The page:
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Found 115 results

  1. Rey Mysterio Jr. vs Ultimo Dragon - WCW Spring Stampede 1997 Ultimo Dragon is one of the more infuriating wrestlers of all time. There is no reason why he could not be at the level of a Jushin Liger or a Rey Mysterio, but he constantly gets in his own way with offense-first approach to wrestling. This match is laid out like the World War III match (I need to rewatch) with Dragon kicking ass for the majority of the match. Again, Dragon's explosive offense looks tremendous: Spinning Argentine Backbreaker, Powerbomb into a hotshot, awesome Running LigerBomb and a wicked Tombstone. There is no strategy. It is just an exhibition. Case in point, he lifts Rey up after having him beat just to put him in a sleeper. This had the announcers and me scratching our heads. Dragon's string of incredible offense keeps going, but it is not going to go anywhere. The finish run piques my interest because now Rey is ready to go spot for spot for Dragon so we get awesome somersault planchas and hurricanranas and Stagger Lee Marsahll? Oh, WCW. Dragon hitting a dropkick to a turned Rey while on the ropes was a great counter move, a gnarly bump and loved the plancha it set up. Now that it getting more competitive, I am decently grooving to this. Dragon dropkicks Rey in mid-air and really puts all he has into a Giant Swing He was really whipping him around. Dragon looking for his bread and butter, the Tiger Suplex (guess Benoit had dibs on the Dragon Suplex), but Rey makes the ropes. Rey nabs a flash hurricanrana out of nowhere for the win. Once they get past the Ultimo Dragon masturbation session (hey it was nice eye candy I will give them that), I thought they worked a pretty hot finish stretch with Dragon throwing out some nice counters and Rey constantly looking for that quick pinfall. Rey takes their PPV series 2-1 and in a very good match. ***1/4
  2. Talk about it here.
  3. Sublime match with a completely different dynamic from their 94-95 bouts which were more about the underdog Yamamoto trying to survive. Here, he is near/at his peak and so the exchanges are far more competitive. Han does a great job at presenting him as a serious threat with a superb display of subtle vulnerability. The mat exchanges rule as expected (though they are a noticeable step down from the Tamura/Han interactions but that's an awfully high standard to be fair). The standup game is arguably even better and more dramatic and intense. Probably the best thing about the match is the way they use the points system with interesting twists and turns, comebacks and teases. Fantastic finishing stretch as well. **** 1/4
  4. Man-no matter how much his work gets praised Tamura's character seems to forever remain underrated. HIs determination, stubborness and ego are played to perfectly here-the moment where he look down on Maeda dares him to do something is great, as is the insane fight over positioning that ensues instantly afterwards. The speed of their kicks is something else-them actually presenting the match like a real fight instead of doing trading kicks spots makes the kicks feel a million times more important but the speed and impact and technique in kicks itself is on another level as well. I look at stuff like a sequence in which Maeda locks in a Leglock and Tamura blocks it and tries to escape but Maeda blocks that with a Guillotine BUT Tamura rolls with him and uses that Guillotine to get a Side Mount and transition into a full mount and really get in a dominant spot and you know an Armbar is coming, Tamura is rolling around, trying to trick Maeda into letting his guard down but he slips for a moment and immediately gets Double Wristlocked from the bottom and think-seriously fuck junior wrestling, THIS is true workrate and it rules. The Sleeper/Ankle Lock finish is always great but they milk it to its maximum here. ****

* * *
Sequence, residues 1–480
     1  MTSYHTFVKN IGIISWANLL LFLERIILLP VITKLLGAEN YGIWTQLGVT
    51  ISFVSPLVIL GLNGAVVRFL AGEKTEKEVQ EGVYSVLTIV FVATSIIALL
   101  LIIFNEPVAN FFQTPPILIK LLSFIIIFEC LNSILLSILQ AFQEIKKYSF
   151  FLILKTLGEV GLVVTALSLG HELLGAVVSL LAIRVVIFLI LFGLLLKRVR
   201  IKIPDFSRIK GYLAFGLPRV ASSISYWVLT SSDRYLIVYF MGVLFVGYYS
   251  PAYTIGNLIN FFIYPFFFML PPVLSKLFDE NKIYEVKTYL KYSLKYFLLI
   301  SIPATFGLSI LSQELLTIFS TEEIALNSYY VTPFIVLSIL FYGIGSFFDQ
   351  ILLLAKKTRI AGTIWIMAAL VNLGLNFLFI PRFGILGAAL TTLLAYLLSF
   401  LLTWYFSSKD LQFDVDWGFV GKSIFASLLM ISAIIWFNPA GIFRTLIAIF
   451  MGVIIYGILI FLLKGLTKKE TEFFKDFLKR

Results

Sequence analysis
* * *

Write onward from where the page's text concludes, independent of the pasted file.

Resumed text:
5. It's a slow paced AJPW undercard match with a lot of matwork. Pretty cool eh? Sano is a guy you don't know what to expect from here as he is in between UWFi, KINGDOM, BattlARTS and Michinoku Pro, but he rocks the shootstyle here. Some really cool matwork involving him and Smith which had that clash of styles feel. Smith isn't a guy who does a ton for me but to his credit he sold the fuck out of Sanos kicks and knees and looked like he was struggling with all his might here. Really good moment when Sano was destroying Smith in the corner with kicks and Smith goes for a front headlock only to be taken down easily. Tornado is Richard Slinger in a goofy mask and he looked good here grappling and throwing kicks, did not look so good trying to take a huracanrana. Fuchi is obviously still very good at this point but doesn't go full bore aside from a cool pin.
  6. These two have a go at establishing themselves as the lamest workers in all of BattlARTS history. This went 14 minutes but felt like half an hour. Some slow, unimpressive matwork to begin with, with the standing portions resembling Takada/Bernardo. They move into some contrived sequences for nearfalls. Funakis poor mans Dean Malenko style is just boring and Tanakas just does the same spots as always. Not all 90s japanese wrestling was great.
  7. Talk about it here.
  8. Talk about it here.
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